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    Information Concerning Committees and Meetings Board Meetings and Attendance at Annual Meetings of Stockholders During the last fiscal year, the Board of Directors held twelve meetings. All incumbent directors attended 75% or more of the combined total meetings of the Board and the committees on which they served during such period. Our Corporate Governance Guidelines provide that all directors standing for election are expected to attend the annual meeting of stockholders. All director nominees standing for election at our last annual stockholders’ meeting held on May 3, 2018, attended that meeting. Information Concerning Committees and Meetings The Board’s standing committees for the year ended December 31, 2018, consisted of the Audit, Compensation/Succession, Nominating/Corporate Governance, and Executive Committees. In February 2019, the Board approved the establishment of a Sustainability and Corporate Responsibility Committee, which will have oversight responsibility for sustainability and corporate responsibility matters. Each committee operates pursuant to a written charter adopted by the Board (except for the Sustain- ability and Corporate Responsibility Committee, for which the Board has not yet adopted a written charter), available on our website, www.adm.com. Upon adoption by the Board, the written charter for the Sustainability and Corporate Responsibility Committee will also be available on our website. Audit Committee The Audit Committee consists of Mr. Crews (Chairman), Mr. Dufour, Mr. Moore, Mr. Sanchez, and Ms. Sandler. The Audit Committee met nine times during the most recent fiscal year. All of the members of the Audit Committee were determined by the Board to be independent directors, as that term is defined in our bylaws, in the NYSE listing standards, and in Section 10A of the Exchange Act. No director may serve as a member of the Audit Committee if such director serves on the audit commit- tees of more than two other public companies unless the Board determines that such service would not impair such director’s ability to serve effectively on the Audit Committee. The Audit Committee reviews: 1. the overall plan of the annual independent audit; 7. the performance of our company’s compliance func- tion; 2. financial statements; 8. business and charitable relationships and transactions 3. the scope of audit procedures; between us and each non-employee director, director 4. the performance of our independent auditors and internal nominee, and executive officer to assess potential con- auditors; flicts of interest and impairment of independence; and 5. the auditors’ evaluation of internal controls; 9. the company’s earnings press releases and information provided to analysts and investors 6. matters of legal and regulatory compliance; For additional information with respect to the Audit Committee, see the sections of this proxy statement entitled “Report of the Audit Committee” and “Audit Committee Pre-Approval Policies.” 20 ADM Proxy Statement 2019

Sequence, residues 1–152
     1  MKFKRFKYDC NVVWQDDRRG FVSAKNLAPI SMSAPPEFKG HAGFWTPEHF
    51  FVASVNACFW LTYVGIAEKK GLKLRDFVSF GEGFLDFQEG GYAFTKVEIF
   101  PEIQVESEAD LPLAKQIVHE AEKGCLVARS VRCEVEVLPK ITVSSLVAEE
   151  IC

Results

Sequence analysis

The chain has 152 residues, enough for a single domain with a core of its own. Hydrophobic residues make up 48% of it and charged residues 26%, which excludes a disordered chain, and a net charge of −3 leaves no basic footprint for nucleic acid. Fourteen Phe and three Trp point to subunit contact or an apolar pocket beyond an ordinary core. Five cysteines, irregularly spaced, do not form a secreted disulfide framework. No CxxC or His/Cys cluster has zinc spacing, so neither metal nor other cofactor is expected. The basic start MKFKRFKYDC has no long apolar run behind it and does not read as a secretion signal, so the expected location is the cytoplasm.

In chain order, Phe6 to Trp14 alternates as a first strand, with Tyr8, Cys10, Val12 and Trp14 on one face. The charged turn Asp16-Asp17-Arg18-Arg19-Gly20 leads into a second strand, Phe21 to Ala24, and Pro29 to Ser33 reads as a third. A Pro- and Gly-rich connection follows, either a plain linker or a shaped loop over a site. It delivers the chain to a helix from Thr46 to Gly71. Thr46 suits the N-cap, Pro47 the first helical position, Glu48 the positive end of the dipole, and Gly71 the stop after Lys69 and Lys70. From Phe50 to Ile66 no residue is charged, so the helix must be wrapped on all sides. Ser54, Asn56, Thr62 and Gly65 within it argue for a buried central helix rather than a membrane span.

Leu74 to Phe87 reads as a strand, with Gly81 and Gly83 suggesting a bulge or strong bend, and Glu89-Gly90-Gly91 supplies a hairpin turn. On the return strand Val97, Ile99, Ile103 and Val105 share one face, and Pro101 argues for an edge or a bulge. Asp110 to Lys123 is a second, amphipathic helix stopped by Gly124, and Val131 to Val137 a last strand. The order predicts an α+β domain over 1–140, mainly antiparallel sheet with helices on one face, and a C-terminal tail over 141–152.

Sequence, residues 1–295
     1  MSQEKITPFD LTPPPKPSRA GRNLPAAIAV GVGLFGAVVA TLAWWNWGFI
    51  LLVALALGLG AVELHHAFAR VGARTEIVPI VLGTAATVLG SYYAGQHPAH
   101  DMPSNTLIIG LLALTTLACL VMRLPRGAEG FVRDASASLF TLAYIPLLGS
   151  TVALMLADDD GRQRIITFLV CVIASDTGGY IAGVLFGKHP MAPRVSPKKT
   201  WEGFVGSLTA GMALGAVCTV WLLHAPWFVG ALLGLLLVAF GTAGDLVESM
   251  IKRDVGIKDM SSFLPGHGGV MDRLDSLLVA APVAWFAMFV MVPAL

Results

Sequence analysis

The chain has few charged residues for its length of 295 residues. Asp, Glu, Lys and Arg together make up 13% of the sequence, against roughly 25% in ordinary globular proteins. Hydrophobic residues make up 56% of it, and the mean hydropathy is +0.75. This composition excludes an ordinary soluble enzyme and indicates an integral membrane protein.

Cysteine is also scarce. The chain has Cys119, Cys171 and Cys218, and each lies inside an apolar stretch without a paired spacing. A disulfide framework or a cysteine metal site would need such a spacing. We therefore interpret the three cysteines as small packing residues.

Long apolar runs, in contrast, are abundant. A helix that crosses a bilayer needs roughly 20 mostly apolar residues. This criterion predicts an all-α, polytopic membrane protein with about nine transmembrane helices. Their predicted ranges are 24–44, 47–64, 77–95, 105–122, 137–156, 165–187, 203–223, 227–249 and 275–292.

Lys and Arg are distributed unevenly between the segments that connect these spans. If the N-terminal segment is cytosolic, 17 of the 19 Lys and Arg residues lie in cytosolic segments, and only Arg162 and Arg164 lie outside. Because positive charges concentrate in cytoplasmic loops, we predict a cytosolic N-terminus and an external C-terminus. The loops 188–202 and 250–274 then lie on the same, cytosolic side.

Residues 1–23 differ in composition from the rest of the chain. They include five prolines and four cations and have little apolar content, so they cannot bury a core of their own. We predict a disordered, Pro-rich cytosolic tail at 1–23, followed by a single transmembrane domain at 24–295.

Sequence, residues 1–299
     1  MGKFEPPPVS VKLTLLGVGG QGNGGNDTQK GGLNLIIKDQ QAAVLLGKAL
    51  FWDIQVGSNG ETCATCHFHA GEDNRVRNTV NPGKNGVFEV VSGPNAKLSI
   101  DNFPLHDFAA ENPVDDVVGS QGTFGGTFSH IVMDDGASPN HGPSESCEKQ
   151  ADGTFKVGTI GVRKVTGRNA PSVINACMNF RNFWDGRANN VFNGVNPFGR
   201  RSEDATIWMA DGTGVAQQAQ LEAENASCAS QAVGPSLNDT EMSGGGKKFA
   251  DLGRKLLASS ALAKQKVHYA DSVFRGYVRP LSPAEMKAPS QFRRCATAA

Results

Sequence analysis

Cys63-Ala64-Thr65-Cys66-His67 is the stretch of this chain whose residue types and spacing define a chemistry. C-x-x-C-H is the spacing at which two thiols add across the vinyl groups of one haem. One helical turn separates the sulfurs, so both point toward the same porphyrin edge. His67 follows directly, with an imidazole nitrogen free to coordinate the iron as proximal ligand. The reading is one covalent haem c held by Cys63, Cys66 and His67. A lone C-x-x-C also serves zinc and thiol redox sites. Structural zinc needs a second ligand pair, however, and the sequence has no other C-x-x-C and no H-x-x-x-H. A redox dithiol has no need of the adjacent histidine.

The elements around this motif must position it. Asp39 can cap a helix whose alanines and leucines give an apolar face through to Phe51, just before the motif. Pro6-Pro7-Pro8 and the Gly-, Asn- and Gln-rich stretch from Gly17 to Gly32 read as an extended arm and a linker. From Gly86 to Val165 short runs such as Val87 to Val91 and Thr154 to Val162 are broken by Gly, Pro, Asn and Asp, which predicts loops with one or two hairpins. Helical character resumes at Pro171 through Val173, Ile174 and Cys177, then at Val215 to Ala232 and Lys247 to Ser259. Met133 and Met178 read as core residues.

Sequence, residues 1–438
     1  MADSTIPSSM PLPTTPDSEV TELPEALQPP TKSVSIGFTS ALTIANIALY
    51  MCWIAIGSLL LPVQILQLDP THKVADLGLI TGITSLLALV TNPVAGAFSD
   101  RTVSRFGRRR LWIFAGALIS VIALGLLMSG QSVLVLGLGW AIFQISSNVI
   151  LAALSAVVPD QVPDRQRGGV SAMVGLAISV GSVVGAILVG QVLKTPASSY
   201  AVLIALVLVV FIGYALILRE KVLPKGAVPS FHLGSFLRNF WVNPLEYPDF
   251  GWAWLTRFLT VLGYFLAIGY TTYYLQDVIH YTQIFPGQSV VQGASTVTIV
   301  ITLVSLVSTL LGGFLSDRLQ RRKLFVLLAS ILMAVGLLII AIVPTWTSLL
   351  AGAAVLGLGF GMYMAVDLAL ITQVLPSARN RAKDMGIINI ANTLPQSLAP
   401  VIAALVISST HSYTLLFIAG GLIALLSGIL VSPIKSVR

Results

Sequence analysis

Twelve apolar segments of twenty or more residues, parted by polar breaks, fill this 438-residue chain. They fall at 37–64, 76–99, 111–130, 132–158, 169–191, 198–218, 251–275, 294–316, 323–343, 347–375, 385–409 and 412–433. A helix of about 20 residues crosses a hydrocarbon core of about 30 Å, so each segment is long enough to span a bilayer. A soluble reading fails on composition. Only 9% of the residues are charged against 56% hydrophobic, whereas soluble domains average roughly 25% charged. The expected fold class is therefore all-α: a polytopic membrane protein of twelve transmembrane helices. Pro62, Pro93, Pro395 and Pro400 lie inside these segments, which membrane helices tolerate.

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    Information Concerning Committees and Meetings Information Concerning Committees and Meetings Compensation/Succession Committee The Compensation/Succession Committee consists of Mr. Westbrook (Chairman), Mr. Boeckmann, Mr. Burke, Mr. Dufour, Ms. Harrison, and Mr. Shih. The Compensation/Succession Committee met four times during the most recent fiscal year. All of the members of the Compensation/Succession Committee were determined by the Board to be independent directors, as that term is defined in our bylaws and in the NYSE listing standards, including the NYSE listing standards specifically applicable to compensation committee members. The Compensation/Succession Committee: 1. establishes and administers a compensation policy for senior 6. reviews and monitors our succession plans; management; 7. approves awards to employees pursuant to our incentive 2. reviews and approves the compensation policy for all of our compensation plans; employees and our subsidiaries other than senior management; 8. approves major modifications in the employee benefit plans 3. approves all compensation elements with respect to our direc- with respect to the benefits that salaried employees receive tors, executive officers, and all employees with a base salary of under such plans; and $500,000 or more; 9. ensures succession processes are in place to aid business 4. reviews and monitors our financial performance as it affects our continuity. compensation policies or the administration of those policies; 5. establishes and reviews a compensation policy for non-employee directors; The Compensation/Succession Committee provides reports to the Board of Directors and, where appropriate, submits actions to the Board of Directors for ratification. Members of management attend meetings of the committee and make recommendations to the committee regarding compensation for officers other than the Chief Executive Officer. In determining the Chief Executive Officer’s compensation, the committee considers the evaluation prepared by the non-management directors. In accordance with the General Corporation Law of Delaware, the committee may delegate to one or more officers the authority to grant stock options to other officers and employees who are not directors or executive officers, provided that the resolution authorizing this delegation specifies the total number of options that the officer or officers can award. The charter for the Compensation/Succession Committee also provides that the committee may form subcommittees and delegate tasks to them. For additional information on the responsibilities and activities of the Compensation/Succession Committee, including the committee’s processes for determining executive compensation, see the section of this proxy statement entitled “Compensation Discussion and Analysis.” ADM Proxy Statement 2019 21